All practice repeats.  At T2, we get all of our times.  Athletes are encouraged constantly to get their repeat times.  On easier, moderate or faster swims and kicks – it doesn’t matter.  Swimmers who do not look at the clock and try to figure out their time are missing the boat.  I tell swimmers who come into the wall without looking at the clock “If you don’t look, you don’t care.”  If they do get their times they need to know when things are going well and when things need to be adjusted in a big way.  For example, if we do a set of 10x100’s Freestyle on 1:30 and a swimmer who goes 5:00 in the 500 Freestyle is holding 1:12’s, they should know that they are holding 6:00 pace and that it is too far away to do much good.  I strongly believe that the time component in practice is incredibly valuable.  The clock is instant gratification to the athlete.  I don’t care if you are doing kicking or drilling or swimming.  It helps with motivation as well as a knowledge of what you are doing in your training.  It will take more focus, but the confidence bump is huge.

Ways to make it happen:

Go this time:  For our youngest athletes (8&Unders) this is the main way that we teaching pacing – but we use this for all ages.  The coach picks a time to swim a 25, 50, 75, 100 (whatever distance you would like) and the swimmer has to go that EXACT time.  Make the time 30.00, 36.50, 1:20.34 – whatever you would like.  Most of the time I like to pick a number that everyone in the practice can do.  Sometimes I will do a set of 10x50’s or something like that and have the first few heats of swimmers try to get 33.00 and the last few heats try to get 36.00.  We may go in groups and try a few repeats at the same time, then switch times.  This gets the swimmers excited to know what their own times were.  It also seems to make kids think “Wow.  I can go 33.00 over and over and over without a problem.”  This also teaches them to “know” what 33.00 feels like.  Swimmers also seem to always go too fast which gives me the rare opportunity to “yell” at someone for being too fast!  Always a funny thing to yell at swim practice.  Their bodies start to understand what that pace really is.  One of the best parts about this game is that even the swimmers in the back of the pack can win this one!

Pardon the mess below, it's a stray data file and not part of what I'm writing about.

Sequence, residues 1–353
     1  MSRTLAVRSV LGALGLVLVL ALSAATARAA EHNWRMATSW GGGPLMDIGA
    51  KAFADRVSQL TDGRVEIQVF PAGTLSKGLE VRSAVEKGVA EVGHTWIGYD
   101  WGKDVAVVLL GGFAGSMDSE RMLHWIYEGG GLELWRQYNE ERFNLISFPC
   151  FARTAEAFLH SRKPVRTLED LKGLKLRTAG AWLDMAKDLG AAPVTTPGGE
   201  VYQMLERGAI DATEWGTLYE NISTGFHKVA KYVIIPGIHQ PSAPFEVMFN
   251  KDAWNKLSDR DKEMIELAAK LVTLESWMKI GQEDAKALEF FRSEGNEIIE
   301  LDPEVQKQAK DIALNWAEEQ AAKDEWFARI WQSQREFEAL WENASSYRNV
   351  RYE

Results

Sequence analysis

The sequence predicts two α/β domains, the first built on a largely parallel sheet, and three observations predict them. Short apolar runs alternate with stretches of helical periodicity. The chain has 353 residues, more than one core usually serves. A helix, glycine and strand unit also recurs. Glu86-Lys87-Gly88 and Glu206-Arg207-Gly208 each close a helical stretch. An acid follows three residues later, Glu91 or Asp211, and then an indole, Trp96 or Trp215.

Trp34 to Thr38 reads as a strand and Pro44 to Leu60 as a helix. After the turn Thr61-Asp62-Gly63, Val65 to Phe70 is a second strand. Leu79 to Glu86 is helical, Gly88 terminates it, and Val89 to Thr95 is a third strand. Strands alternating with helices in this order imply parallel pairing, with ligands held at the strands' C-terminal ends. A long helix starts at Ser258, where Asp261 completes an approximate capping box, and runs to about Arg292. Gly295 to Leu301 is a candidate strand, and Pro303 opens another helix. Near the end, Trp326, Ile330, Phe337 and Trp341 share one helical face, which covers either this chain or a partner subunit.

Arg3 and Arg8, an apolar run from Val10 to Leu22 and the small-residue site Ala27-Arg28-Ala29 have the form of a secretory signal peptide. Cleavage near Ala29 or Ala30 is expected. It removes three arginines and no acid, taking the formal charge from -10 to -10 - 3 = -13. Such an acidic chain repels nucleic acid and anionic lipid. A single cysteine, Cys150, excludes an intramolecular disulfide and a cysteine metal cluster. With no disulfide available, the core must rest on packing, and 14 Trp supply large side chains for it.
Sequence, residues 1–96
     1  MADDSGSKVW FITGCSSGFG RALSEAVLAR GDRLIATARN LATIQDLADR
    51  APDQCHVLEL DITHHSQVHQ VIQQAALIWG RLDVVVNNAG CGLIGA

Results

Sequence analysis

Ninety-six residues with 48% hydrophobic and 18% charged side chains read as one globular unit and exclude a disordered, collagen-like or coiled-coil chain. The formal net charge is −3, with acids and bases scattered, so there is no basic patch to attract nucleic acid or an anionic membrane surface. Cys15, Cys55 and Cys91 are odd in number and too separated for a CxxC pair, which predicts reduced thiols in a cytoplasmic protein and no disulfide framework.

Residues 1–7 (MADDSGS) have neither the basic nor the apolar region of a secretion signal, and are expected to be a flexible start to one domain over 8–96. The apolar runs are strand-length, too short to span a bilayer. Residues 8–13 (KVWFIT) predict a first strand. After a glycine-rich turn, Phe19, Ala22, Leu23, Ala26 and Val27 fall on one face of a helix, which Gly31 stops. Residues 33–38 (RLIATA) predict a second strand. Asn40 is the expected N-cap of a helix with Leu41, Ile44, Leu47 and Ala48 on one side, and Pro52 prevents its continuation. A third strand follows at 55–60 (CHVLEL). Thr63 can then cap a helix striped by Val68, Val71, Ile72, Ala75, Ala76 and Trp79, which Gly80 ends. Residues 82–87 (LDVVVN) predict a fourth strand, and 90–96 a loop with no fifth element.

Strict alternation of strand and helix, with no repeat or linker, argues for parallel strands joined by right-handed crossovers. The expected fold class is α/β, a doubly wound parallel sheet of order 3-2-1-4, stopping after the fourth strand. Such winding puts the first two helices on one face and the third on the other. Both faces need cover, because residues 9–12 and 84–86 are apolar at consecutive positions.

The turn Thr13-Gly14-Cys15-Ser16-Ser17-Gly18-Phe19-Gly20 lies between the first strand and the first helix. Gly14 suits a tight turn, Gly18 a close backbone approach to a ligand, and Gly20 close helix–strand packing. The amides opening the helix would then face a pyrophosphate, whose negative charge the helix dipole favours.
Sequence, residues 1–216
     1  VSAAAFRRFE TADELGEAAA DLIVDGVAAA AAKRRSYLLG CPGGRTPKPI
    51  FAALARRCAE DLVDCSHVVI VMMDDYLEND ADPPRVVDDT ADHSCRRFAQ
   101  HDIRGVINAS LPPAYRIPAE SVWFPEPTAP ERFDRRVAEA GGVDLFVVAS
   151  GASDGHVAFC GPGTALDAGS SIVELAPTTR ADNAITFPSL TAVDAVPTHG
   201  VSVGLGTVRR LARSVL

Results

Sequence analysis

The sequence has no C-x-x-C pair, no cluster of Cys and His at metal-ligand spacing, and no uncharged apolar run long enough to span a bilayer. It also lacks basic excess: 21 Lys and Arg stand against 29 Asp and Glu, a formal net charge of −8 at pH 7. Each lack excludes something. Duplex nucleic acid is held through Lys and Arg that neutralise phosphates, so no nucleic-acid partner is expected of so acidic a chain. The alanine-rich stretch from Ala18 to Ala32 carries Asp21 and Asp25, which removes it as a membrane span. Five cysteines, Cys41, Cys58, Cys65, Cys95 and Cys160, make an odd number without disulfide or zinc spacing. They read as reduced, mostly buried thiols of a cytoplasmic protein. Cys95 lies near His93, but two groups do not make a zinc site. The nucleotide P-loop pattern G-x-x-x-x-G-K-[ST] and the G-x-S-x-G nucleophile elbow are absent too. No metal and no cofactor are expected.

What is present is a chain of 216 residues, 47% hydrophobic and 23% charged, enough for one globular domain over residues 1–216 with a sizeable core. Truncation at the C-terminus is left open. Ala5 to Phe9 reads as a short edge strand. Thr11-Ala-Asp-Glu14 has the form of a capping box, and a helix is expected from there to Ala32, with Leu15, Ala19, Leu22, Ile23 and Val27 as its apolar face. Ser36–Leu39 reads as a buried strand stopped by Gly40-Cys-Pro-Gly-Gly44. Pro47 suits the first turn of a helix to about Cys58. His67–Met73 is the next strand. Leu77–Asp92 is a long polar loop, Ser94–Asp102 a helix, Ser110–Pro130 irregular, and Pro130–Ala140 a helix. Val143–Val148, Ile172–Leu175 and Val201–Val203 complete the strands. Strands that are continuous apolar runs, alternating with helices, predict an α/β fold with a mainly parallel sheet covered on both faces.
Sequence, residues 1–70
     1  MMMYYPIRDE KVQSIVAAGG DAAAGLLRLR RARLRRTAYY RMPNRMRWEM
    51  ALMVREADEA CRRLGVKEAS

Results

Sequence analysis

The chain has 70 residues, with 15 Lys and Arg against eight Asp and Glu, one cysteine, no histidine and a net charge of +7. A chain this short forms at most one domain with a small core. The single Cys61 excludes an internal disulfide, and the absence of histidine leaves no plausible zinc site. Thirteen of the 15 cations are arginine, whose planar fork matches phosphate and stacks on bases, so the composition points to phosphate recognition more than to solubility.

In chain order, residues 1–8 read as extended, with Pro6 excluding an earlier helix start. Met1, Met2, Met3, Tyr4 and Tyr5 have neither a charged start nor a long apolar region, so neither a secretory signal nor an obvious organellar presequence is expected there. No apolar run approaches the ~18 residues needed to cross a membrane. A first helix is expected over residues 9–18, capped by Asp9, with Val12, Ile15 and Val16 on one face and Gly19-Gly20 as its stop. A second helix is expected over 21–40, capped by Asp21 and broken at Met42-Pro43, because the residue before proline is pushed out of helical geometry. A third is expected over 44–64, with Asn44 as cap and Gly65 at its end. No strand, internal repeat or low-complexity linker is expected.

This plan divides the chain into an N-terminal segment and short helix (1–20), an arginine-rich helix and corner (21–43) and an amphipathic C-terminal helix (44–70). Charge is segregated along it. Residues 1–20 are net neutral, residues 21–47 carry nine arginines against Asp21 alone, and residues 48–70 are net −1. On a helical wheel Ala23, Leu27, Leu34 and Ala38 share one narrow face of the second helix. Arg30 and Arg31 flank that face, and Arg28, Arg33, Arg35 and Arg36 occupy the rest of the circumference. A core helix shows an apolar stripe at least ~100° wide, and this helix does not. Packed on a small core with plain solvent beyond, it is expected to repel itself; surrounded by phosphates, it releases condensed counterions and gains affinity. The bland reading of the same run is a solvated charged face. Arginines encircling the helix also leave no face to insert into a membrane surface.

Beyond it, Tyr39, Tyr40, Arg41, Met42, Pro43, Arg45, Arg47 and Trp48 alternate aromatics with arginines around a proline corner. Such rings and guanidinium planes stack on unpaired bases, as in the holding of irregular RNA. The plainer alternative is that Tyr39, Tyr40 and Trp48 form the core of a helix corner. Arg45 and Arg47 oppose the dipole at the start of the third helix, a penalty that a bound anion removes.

Ranges:  If we are doing a set of something like….15x100’s backstroke – swimmers should be grouped into 1, 2, or 3 groups.  Maybe the fastest group would hold 5 between 1:30-1:35, the next 5 between 1:25-1:30, the last 5 between 1:20-1:25.  The other groups can do similar things, just a bit slower.  Bigger ranges are easier to do, but as they get better at the “game”, you can make the ranges 2-3 seconds for 100’s.  This takes some planning on the coaches part to figure out which athletes should do which paces.  The most difficult part may be getting kids used to getting their times after every repeat.  Once you do it right though - it is awesome!

Race Paces:  This takes some planning as well but you can figure out paces for each swimmer on a certain event and then design your workout using that as your guide.  You can do a set of 100’s freestyle making sure each swimmer can do certain repeats at pace.  Maybe you do 20x100’s on 1:20 and 2 are moderate, then 3 are right on their 500 pace?  Maybe you just do all of them at your 1,000 pace?  Maybe you do them at the pace of your last 100 in your 400 IM?  The funny thing is with age group swimmers is a lot of the time if you can motivate them to do a set like this well and they beat their pace, it motivates them to really go for it when racing.  This training helps them know their best competition times as well.

Tell a friend:  Sometimes I stop everyone on the wall and say "What are you trying to hold on this set?" or "What are you going to go on the next one?"  I give them a few seconds to think and then I have them tell a friend.  Sometimes they have to tell the entire lane.  Then I can go around and check to make sure it actually happened.  Sometimes during sets I have them get their own times then they have to tell the person behind them what they went.  The last person in each lane tells me.  This all reinforces that they need to get their times and also holds them accountable.  Most kids what their times to get better and better.  Especially if they are telling their friends!

With all of these little games it is easier to start with kicking because the swimmers heads are out of the water and they can see the clock while they are kicking.  They can listen to instruction/motivation easier as well.  These games are great confidence builders for age group swimmers.  If you have a pace game that you play feel free to share-